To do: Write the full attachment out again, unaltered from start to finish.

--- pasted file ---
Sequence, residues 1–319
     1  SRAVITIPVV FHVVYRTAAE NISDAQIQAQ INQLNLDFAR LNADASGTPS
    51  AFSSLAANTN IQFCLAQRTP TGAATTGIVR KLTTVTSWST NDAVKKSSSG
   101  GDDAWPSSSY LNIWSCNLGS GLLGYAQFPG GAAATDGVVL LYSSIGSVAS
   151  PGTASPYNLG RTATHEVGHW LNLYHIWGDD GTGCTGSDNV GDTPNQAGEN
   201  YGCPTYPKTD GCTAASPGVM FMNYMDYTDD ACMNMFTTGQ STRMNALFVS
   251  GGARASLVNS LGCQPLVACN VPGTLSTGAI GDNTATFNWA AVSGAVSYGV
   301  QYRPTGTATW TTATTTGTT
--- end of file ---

Sequence, residues 1–319
     1  SRAVITIPVV FHVVYRTAAE NISDAQIQAQ INQLNLDFAR LNADASGTPS
    51  AFSSLAANTN IQFCLAQRTP TGAATTGIVR KLTTVTSWST NDAVKKSSSG
   101  GDDAWPSSSY LNIWSCNLGS GLLGYAQFPG GAAATDGVVL LYSSIGSVAS
   151  PGTASPYNLG RTATHEVGHW LNLYHIWGDD GTGCTGSDNV GDTPNQAGEN
   201  YGCPTYPKTD GCTAASPGVM FMNYMDYTDD ACMNMFTTGQ STRMNALFVS
   251  GGARASLVNS LGCQPLVACN VPGTLSTGAI GDNTATFNWA AVSGAVSYGV
   301  QYRPTGTATW TTATTTGTT